DNA-Templated Aggregates of Strongly Coupled Cyanine Dyes: Nonradiative Decay Governs Exciton Lifetimes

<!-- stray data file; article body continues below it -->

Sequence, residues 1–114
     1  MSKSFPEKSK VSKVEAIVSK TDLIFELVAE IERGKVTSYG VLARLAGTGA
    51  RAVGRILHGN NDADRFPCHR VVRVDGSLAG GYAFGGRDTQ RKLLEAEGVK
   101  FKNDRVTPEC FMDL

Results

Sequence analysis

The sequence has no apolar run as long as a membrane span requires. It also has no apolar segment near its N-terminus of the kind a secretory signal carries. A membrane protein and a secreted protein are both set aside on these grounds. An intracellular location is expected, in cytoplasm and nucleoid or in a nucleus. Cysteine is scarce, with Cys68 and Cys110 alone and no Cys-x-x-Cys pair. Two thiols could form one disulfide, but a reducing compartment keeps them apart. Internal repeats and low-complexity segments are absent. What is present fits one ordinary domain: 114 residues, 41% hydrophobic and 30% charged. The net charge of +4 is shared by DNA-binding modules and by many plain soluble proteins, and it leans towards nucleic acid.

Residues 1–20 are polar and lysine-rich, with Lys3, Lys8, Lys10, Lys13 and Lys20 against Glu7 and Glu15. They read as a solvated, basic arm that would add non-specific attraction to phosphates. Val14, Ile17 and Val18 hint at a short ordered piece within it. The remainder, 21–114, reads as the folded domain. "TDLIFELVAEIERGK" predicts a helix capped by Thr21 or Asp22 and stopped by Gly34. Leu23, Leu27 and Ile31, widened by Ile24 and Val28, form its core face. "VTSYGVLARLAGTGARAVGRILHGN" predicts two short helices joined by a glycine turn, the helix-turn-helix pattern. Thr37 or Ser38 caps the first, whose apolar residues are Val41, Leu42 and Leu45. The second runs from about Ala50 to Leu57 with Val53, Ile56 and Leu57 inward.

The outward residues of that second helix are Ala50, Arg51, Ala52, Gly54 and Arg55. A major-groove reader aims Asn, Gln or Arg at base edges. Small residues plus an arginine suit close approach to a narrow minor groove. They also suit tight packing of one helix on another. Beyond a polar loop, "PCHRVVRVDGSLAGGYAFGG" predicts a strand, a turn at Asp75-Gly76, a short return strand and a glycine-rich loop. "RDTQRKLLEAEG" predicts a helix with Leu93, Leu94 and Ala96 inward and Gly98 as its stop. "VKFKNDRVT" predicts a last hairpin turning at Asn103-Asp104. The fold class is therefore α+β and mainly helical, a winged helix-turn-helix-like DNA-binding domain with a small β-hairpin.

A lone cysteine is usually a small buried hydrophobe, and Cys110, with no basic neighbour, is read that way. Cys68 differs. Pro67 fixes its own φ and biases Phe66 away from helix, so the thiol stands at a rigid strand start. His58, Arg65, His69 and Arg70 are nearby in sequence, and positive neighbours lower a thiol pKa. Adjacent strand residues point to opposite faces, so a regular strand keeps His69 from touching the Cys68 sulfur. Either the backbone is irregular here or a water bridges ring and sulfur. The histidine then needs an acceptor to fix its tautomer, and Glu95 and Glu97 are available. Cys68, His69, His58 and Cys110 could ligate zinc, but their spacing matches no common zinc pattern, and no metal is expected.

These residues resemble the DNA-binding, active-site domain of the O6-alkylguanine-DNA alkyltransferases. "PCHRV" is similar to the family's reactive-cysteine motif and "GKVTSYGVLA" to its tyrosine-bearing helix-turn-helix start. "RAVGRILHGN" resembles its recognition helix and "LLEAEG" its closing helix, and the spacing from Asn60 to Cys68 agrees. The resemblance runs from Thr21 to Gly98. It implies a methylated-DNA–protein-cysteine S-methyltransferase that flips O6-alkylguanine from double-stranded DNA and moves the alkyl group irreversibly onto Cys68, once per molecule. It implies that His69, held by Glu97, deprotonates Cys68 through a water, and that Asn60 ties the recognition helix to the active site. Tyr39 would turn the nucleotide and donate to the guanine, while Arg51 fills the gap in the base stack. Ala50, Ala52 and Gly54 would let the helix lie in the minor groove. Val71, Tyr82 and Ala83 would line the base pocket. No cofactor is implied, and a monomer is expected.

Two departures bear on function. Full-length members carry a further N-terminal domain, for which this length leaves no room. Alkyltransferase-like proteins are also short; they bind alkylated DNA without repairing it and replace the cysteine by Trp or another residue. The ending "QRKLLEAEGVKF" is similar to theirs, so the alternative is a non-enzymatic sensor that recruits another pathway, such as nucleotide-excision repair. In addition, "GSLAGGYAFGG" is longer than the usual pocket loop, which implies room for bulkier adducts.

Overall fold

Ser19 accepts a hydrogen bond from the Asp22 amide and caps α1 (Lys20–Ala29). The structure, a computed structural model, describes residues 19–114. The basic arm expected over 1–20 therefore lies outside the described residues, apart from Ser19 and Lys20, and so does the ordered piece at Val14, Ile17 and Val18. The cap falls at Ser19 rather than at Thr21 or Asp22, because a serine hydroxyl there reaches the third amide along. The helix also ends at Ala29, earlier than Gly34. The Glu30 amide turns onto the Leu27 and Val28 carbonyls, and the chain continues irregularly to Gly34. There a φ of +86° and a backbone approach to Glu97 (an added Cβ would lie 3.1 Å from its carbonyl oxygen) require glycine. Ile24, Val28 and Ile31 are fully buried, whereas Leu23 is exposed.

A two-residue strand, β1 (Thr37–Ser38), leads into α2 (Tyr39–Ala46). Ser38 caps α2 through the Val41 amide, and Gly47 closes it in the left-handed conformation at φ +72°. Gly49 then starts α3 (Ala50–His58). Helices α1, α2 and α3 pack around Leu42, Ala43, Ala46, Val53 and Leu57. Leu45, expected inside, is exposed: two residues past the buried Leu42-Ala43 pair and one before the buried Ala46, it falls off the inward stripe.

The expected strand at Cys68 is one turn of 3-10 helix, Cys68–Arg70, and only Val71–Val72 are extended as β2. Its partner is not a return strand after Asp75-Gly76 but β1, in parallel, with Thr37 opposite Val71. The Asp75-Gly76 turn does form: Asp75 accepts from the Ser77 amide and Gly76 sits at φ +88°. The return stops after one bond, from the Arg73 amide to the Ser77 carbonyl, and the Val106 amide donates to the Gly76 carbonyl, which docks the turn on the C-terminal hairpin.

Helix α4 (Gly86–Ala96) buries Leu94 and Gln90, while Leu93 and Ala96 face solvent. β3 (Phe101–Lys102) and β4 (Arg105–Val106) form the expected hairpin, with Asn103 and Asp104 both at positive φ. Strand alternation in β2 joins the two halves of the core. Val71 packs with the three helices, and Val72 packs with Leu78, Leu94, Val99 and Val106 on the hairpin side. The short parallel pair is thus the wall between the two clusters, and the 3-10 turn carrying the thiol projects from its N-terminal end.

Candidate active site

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Molecular excitons are used in a variety of applications including light harvesting, optoelectronics, and nanoscale computing. Controlled aggregation via covalent attachment of dyes to DNA templates is a promising aggregate assembly technique that enables the design of extended dye networks. However, there are few studies of exciton dynamics in DNA-templated dye aggregates. We report time-resolved excited-state dynamics measurements of two cyanine-based dye aggregates, a J-like dimer and an H-like tetramer, formed through DNA-templating of covalently attached dyes. Time-resolved fluorescence and transient absorption indicate that nonradiative decay, in the form of internal conversion, dominates the aggregate ground state recovery dynamics, with singlet exciton lifetimes on the order of tens of picoseconds for the aggregates versus nanoseconds for the monomer. These results highlight the importance of circumventing nonradiative decay pathways in the future design of DNA-templated dye aggregates.


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